Date of this Version
The George Eliot Review 35 (2004)
It is now I suppose more than six months since Kathleen asked me to deliver this address and whilst I have given the task much thought, it is only now, a few days before the event, that I am committing myself to paper. I followed my usual course when faced with any task at the museum. I've thought a great deal around the subject often in the middle of the night or on my commute to and from work. I have done my research, scanned books, looked at previous examples and most important of all talked to other people who were patient enough to listen. I also thought about those of her works which I had read at school, during my adult life, and since I took up my post here. I, like many of my predecessors charged with this task, have felt wholly inadequate to it.
My job as a social history curator means I need to find aspects of any given subject and make them relevant to the museum's audiences. A good starting point is generally to find some relevance to myself and work out from there. It is not quite two years since I took up the post of Senior Museum Officer and Nuneaton became my museum home. I inherited a collection of at least 9000 objects, a collection of great variety and scope, many items of which were the everyday items of Eliot's time. I am often asked why I became or continue to be a museum professional. It was as a volunteer more than ten years ago that I was set to work documenting ladies' combinations. I fell in love with the fact that I could handle such old things; I was intrigued at their survival and speculated as to their owners' lives. As time went on I was allowed to work on the trousseaus. I would never forget the fragrance when I lifted the lids from their boxes, so evocative of romance and optimism. Today I am still excited about objects and what they tell us about their makers, users, or owners.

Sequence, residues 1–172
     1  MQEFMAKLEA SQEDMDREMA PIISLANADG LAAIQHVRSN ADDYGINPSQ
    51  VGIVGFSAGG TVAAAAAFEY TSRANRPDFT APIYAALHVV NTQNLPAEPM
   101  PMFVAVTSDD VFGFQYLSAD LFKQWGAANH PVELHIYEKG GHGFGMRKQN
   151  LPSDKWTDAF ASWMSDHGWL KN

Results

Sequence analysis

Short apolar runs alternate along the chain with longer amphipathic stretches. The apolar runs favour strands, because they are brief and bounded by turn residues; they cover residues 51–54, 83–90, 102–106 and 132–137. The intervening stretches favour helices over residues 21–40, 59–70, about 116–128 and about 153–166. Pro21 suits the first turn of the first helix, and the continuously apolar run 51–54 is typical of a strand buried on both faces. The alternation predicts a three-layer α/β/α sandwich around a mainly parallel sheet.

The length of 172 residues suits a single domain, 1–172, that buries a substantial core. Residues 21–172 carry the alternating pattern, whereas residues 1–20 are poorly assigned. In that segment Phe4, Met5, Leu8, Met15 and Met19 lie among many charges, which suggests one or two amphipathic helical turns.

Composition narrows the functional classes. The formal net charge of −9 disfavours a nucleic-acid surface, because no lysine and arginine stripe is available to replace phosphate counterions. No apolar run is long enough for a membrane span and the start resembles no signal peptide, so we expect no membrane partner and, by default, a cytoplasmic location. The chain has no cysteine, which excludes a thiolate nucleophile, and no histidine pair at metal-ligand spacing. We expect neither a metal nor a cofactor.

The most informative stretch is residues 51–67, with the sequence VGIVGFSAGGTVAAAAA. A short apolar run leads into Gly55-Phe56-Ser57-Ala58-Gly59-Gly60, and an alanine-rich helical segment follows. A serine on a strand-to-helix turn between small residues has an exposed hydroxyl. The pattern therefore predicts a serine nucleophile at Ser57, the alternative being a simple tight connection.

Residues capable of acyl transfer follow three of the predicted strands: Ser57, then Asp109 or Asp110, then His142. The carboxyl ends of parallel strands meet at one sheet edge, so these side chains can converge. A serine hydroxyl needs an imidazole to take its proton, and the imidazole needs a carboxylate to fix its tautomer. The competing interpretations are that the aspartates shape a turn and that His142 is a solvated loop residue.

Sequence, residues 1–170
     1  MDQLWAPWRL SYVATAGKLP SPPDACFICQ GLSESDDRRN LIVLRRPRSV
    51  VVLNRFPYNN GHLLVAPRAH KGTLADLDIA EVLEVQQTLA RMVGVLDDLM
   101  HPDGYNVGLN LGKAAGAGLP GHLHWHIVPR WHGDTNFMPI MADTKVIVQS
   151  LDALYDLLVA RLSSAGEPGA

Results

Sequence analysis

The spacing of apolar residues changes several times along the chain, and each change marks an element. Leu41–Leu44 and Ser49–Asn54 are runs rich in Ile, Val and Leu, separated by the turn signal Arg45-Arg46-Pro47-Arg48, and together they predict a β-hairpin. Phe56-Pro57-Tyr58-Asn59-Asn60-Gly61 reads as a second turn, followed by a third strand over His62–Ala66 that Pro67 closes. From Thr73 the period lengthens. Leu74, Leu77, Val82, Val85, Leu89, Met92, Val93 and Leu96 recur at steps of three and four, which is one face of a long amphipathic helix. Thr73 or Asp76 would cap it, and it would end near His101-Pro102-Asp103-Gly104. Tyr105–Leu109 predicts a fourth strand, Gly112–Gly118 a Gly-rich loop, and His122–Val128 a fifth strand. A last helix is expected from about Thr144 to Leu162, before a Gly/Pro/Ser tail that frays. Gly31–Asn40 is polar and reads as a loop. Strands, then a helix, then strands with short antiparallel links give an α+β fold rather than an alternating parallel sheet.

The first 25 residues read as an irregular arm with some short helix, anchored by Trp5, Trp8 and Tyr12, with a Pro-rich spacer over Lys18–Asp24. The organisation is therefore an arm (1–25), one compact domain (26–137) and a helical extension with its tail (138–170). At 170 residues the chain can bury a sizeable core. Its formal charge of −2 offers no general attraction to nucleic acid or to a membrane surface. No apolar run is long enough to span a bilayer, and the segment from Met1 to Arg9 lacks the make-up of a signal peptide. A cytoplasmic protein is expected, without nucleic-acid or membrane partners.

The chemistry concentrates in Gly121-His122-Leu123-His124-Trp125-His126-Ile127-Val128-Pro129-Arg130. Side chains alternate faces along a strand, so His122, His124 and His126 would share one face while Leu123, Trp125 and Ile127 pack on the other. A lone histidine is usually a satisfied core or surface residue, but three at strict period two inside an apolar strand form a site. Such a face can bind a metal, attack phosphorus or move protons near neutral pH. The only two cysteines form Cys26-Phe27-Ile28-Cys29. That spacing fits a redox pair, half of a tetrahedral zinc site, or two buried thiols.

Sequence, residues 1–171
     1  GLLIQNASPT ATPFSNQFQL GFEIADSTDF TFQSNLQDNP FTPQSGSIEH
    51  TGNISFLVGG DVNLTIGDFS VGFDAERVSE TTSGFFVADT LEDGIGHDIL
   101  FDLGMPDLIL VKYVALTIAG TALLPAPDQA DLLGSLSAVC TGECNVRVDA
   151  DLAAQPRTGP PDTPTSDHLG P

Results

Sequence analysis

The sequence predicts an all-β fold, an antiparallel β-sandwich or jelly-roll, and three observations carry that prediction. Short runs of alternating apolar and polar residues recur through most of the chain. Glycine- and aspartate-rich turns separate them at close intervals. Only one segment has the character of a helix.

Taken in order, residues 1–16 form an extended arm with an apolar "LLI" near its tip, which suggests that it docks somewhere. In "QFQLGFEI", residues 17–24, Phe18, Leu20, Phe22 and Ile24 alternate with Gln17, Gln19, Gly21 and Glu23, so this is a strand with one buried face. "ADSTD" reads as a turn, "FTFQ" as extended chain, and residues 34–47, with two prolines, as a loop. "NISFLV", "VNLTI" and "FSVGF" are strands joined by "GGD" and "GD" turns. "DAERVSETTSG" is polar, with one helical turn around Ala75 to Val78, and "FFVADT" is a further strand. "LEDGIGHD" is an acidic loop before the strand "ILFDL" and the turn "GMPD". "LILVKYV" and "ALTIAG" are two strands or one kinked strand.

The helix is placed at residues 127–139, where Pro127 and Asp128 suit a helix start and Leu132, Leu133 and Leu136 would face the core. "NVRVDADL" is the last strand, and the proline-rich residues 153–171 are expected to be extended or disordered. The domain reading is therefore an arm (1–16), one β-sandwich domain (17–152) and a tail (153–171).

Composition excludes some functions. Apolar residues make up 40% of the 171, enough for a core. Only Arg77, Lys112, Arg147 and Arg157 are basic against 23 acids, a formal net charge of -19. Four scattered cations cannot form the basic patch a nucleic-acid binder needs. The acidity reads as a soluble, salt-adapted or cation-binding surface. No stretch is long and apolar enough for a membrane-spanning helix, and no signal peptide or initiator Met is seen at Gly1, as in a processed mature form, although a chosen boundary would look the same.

Whilst engaged on some research for our local history gallery I read Asa Briggs's book Victorian Things. In a passage dealing with the rise in cheaply available goods, the result of mechanization, Briggs highlights the varying ways in which Victorian novelists use description of everyday items within their works, and points out George Eliot as the first writer to describe objects. This, as you can imagine, intrigued me and I went back to Eliot's works to consider them in a new light.